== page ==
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Reasons to reject a 2-state solution in Israel

 
 
Reply Thu 12 Feb, 2015 04:24 am
http://www.israelvideonetwork.com/list/18-reasons-you-should-stand-against-the-two-state-solution/
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Type: Discussion • Score: 0 • Views: 716 • Replies: 18
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oralloy
 
  -3  
Reply Fri 13 Feb, 2015 04:59 am

The problem is, if we aren't going to have a two-state solution, we'll need to expel the Palestinians from the region.

Finding someplace to put them (and putting up with the inevitable Leftist whining when they are being transported to their new home) will take some doing.


Anyway, as two-state solutions go, the one currently being pursued by the Palestinians and Europe is about the best that Israel could hope for. The fact that the Palestinian state is being created outside the negotiation process means that Israel will not have to give up any land, and will instead retain full military control over all of Area C. The new Palestinian state will be composed only of isolated Bantustans.
gungasnake
 
  -3  
Reply Fri 13 Feb, 2015 10:43 am
@oralloy,
Sooner or later, Israel has to have both the West Bank and Gaza for its own purposes. If they can't find a place to put the palisavages in the gigantic swath of territory known as the slammite world, they could put them on one of our own Pacific island possessions. Rendova would be one possibility, only two small settled areas which they could wall off with some sort of an electrified fence to protect those people from the palisavages...
imawonderingwhy
 
  0  
Reply Fri 13 Feb, 2015 10:55 am
@gungasnake,
Gung: "they could put them on one of our own Pacific island possessions. Rendova would be one possibility, only two small settled areas which they could wall off with some sort of an electrified fence to protect those people ..."

Isn't this ironic, people from the world's top country of war criminals and terrorists talking about committing, AGAIN, genocide.

It's a good thing that there still are some moral people in this sad world.

===============

I Was “Part of a Terror Organization,” Says Israeli Pilot Turned Activist

...

Yonatan Shapira was born on an Israeli military base the year before his father flew fighter jets in the October War of 1973. Thirty years later, twelve of them spent as an air force pilot himself, Shapira rejected the military. In 2003, he wrote a letter, pledging not to fly over the occupied West Bank and Gaza Strip.

Shapira is among the few Israelis to have declared support for the Palestinian-led call for boycott, divestment and sanctions (BDS) against Israel. He has also been attacked by the Israeli military for attempting to sail towards and break the siege of Gaza.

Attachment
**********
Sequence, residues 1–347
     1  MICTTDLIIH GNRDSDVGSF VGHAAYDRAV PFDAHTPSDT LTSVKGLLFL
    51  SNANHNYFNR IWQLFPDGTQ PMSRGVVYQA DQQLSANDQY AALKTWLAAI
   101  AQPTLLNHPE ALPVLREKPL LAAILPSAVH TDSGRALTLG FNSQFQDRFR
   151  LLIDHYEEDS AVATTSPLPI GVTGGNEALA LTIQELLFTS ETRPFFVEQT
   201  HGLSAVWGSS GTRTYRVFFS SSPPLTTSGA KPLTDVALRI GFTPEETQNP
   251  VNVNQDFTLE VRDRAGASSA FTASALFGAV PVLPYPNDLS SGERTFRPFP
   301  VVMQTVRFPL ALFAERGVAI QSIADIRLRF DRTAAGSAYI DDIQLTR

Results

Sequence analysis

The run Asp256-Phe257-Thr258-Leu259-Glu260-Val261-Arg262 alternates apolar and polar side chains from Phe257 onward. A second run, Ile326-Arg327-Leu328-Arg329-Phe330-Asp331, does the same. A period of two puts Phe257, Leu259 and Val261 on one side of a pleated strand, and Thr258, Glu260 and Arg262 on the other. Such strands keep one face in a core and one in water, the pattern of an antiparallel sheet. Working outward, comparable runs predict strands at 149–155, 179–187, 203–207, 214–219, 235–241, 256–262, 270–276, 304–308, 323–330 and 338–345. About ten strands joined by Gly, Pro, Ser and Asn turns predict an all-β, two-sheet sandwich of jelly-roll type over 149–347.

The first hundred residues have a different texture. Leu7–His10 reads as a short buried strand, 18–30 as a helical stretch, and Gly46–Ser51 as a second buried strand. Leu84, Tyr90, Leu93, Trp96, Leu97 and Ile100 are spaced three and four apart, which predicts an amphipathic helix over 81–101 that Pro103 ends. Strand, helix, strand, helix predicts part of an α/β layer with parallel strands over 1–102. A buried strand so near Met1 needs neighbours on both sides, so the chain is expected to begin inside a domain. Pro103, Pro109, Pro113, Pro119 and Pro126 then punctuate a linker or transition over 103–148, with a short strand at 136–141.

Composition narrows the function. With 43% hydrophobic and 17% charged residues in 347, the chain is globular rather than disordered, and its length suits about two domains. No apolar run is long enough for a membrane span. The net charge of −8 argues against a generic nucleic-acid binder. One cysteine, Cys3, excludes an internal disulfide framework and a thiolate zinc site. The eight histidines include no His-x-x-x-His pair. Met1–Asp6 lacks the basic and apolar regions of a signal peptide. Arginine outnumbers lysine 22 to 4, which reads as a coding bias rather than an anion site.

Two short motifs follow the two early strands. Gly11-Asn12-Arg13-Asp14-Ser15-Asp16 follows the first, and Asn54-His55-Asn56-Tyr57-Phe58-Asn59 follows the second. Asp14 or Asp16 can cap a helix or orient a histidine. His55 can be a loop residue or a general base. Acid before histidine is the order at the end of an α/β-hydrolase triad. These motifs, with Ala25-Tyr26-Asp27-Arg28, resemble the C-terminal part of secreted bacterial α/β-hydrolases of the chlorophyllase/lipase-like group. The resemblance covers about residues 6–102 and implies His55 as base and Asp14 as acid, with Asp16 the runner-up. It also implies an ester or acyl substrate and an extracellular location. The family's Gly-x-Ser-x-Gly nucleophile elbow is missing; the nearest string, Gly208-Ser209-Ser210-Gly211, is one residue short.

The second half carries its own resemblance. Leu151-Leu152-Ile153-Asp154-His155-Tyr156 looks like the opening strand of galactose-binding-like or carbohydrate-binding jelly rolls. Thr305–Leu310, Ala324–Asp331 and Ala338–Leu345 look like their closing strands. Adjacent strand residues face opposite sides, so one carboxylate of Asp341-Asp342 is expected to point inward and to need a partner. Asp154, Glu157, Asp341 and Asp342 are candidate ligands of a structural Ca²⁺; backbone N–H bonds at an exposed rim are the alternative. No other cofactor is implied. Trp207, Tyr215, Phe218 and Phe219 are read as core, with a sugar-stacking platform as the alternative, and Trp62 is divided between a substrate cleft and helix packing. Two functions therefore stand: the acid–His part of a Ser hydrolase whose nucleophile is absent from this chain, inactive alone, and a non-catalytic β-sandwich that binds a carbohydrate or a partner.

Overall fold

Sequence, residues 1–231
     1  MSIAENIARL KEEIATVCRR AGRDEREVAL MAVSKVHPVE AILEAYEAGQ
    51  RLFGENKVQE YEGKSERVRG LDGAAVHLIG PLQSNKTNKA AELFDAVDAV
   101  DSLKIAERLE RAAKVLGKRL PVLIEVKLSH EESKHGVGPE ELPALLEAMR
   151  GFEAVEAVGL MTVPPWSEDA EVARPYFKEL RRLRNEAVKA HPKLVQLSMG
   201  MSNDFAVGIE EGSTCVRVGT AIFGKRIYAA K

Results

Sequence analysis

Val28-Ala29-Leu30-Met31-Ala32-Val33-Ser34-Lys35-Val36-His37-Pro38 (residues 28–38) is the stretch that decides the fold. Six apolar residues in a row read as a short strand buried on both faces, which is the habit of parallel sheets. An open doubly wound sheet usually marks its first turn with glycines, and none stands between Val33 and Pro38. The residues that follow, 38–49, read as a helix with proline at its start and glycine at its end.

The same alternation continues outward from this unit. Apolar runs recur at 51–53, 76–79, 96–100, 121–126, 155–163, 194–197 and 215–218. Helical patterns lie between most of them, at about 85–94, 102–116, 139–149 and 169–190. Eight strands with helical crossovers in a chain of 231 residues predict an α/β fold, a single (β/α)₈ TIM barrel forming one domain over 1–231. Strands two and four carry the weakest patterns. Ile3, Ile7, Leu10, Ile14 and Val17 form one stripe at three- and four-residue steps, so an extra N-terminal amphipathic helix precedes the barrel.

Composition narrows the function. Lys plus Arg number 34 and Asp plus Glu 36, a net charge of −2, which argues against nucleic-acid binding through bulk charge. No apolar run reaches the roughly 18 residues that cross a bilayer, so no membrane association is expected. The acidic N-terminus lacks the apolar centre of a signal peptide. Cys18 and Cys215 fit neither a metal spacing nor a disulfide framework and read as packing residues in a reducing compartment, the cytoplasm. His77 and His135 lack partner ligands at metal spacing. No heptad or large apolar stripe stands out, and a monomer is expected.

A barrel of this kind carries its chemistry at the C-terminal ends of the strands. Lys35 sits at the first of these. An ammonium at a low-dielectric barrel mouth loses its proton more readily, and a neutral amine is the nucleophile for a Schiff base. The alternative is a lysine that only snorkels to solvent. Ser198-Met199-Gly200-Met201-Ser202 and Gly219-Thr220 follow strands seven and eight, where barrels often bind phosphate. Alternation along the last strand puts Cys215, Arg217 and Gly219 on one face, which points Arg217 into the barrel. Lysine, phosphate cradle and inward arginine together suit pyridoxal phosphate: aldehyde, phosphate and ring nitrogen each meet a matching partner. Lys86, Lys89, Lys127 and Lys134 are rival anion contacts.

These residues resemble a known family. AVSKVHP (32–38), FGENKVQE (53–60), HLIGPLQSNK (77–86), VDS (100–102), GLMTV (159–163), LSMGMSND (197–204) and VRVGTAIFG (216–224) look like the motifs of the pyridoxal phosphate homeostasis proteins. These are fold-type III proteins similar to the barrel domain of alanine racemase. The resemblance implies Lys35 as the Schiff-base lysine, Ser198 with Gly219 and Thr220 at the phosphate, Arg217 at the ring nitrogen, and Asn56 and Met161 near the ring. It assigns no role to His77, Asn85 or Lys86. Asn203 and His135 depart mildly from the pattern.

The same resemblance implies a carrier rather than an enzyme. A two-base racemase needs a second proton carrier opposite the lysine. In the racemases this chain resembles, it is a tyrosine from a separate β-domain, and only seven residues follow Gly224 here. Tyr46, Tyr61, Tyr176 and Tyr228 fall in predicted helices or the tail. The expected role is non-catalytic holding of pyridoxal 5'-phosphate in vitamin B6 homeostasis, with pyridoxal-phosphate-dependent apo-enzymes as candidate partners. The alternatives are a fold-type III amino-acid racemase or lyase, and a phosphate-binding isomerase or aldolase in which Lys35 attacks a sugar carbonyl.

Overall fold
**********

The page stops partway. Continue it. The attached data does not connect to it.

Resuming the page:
He recently spoke to The Electronic Intifada contributor Ryan Rodrick Beiler.

Ryan Rodrick Beiler: What was it like growing up in a military family?

Yonatan Shapira: The education I got was very much about peace, equality, freedom and a lot of socialist values — caring about the other, caring about the poor — but at the same time with a big wall of negligence of Palestine. The same time I was in class learning these beautiful values, the Israeli army was engaged in occupation, land grabs, settlements, massacres, deportation of Palestinian activists.

But I didn’t know these things. I truly believed that I should defend my country. I wanted to be like my father. I wanted to be a pilot in the air force and it was my dream come true when I was accepted. I became a helicopter pilot and flew rescue missions and commando transport.

RRB: When did you begin to question the military’s actions?

YS: I realized something was rotten when the Israeli government started what was called the “assassination policy” in 2001-2003. Palestinian resistance failed to bring liberation and more extreme attitudes took place, such as suicide bombings and other [forms of] armed struggle. The government thought to assassinate everyone that has to do with armed resistance.

Pilots would be sent with missiles to shoot the car of this person. In the beginning, this car could be driving outside of town where just the car was hit. Later they would allow shooting suspects when they are closer to the city. Eventually the assassination would be even if he’s in the middle of the market, or in his house at night with all of the family around.

In July 2002, Salah Shehadeh, head of the armed branch of Hamas in Gaza, was bombed in the middle of the night with an F-16 dropping a one-ton bomb on his house where he was sleeping with his children and his wife. The bomb killed fifteen people, most of them children, and about 150 were injured. If I needed some answer for my questions and doubts, that was clear: this is a terror attack. And I’m part of a terror organization.

The commander of the air force said that everything was done perfectly, and the pilots should sleep well at night. That was an additional thing that helped us: when someone says you can sleep well at night, maybe it’s time to wake up and start to think. For me and several friends, that was the moment we decided to do something.

RRB: When you and 26 others published “The Pilots’ Letter” condemning Israel’s attacks on civilians, how did going public change you?

YS: It was like a birth for us. We ended one chapter in our lives and became, in our view, peace activists, human rights activists, freedom activists. In the eyes of many in our society we became traitors.

We were not the first Israeli soldiers to act upon their belief. In 1982 there were many who refused to participate in the war in Lebanon and were sent to jail. Another group in 2002 were willing to go to jail instead of doing reserve duty in the West Bank and Gaza.